Scrapitude Triangles

The newest clue for the Scrapitude mystery quilt has to do with triangles. The idea is to cut 5.25″ squares into quarter square triangles before sewing.

I didn’t, yet, do all the cutting as instructed in the first clue, partially because I wanted to see if I could find a better way, more preferred way to cut. I also didn’t want to delve into my stash completely yet. I still wanted to try and use as many scraps from my scrap bin as possible. Some of the drawers are getting pretty full.

EZ Companion Angle Ruler
EZ Companion Angle Ruler

In order to cut from my scrap bin, I had to be able to cut from smaller scraps. I don’t have a lot of 5.25″ scraps laying around. It occurred to me, as I was thinking through this process, that I had a ruler that would make cutting the quarter square triangles a bit easier. I found the EZ Triangle Companion Ruler (I think I bought this for the Easy Street Mystery quilt) and the Fons & Porter Half & Quarter Triangle Rulers. Neither had been opened (ooops!), so I examined them and, for no particular reason, chose the Fons & Porter to try first.

I cut one 5.25″ square the way Charlotte suggested so I had a sample. I used that to determine the size I needed to to cut using the HST/QST ruler. The directions on the Fons & Porter ruler tell you to cut a strip size of 2.5″ to get the size QSTs I needed. This cut off the tip of the triangle at the top (see that tiny black triangle at the tip of the ruler in the photo below?). I wasn’t sure why I would want to cut off the tip since it didn’t create the bunny ears. This made me wonder if that ruler would work. I didn’t want a hole at the point where those triangles intersected with other piecing.  Nobody was around to answer on Twitter, so I cut the strips 2.75″ and used that dimension as a guide for cutting additional triangles.

“Strips” is a bit of an exaggeration as I was using scraps. I tried to find scraps that were at least 2.75″ wide.

Fons & Porter Half/Quarter Square Triangle Ruler
Fons & Porter Half/Quarter Square Triangle Ruler

Using this ruler took a lot longer than cutting already cut 5.25″ squares into quarters would, but I was able to use a nice variety of fabrics and I was able to clear out my scrap bin a little more.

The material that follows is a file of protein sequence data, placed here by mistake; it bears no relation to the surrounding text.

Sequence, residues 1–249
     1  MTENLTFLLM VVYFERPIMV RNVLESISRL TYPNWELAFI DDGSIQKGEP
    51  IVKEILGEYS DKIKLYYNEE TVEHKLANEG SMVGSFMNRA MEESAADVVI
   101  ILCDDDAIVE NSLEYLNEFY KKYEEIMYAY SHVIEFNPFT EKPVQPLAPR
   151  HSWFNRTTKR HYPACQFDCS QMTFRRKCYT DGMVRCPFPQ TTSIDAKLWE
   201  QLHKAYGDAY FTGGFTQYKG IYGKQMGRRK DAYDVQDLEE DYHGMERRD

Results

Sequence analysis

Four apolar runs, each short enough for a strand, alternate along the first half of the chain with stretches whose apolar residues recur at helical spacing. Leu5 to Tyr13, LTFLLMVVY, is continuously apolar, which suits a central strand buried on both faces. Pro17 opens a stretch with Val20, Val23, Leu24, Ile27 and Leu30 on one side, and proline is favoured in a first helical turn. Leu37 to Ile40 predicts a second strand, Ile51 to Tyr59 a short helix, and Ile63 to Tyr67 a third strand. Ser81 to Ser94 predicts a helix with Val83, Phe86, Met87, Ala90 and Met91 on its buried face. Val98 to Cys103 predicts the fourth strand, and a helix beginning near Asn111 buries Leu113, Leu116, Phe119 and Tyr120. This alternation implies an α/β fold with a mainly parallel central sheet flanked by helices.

I found that I had to have a nice straight cut line on which to line the correct cutting line.

One confusing thing, which I have found with other rulers, is where to put the fabric under the ruler. Some of the lines, including the one I needed to use, were quite thick. Do I line the ruler on top of the fabric with the bottom of the thick line even with the cut line? Or something else?

I just decided to be consistent. I can always trim.

If you haven’t done the triangle step of Scrapitude, I hope you’ll try using one of these rulers to vary your fabric selection.

Scrapitude Posts

Scrapitude: 112 4 Patches

I spent the day Saturday doing laundry and working on four patches. I had really looked forward to a day in my workroom and, while I got that, I felt out of sorts. I am not sure why, but it just wasn’t the relaxing sew day I thought it would be. I sewed, but I didn’t enjoy it as much as normal.

112 Four Patches
112 Four Patches

Still, I made progress. I finished the 112 four patches that were part of the first sewing step in Charlotte’s Mystery quilt. I had started them last week or the week before, so about half of the halves were sewn. I needed to do the rest and I had to cut enough pieces to make them.I alternated cutting and sewing. It works better for me.

I have to figure out how and where to store these. I don’t have a good sense of when the next step will happen.

Example Four Patches
Example Four Patches

As you can see, my background fabric is dots. I figured I would use some of the dots I have been collecting sinc they are just sitting there waiting for a project. As I mentioned, I had to cut much of the background from yardage. I rummaged through my scrap bins as much as possible. Now, I am pretty much left with weird shapes and smaller than 2.5″ squares in many of the colors.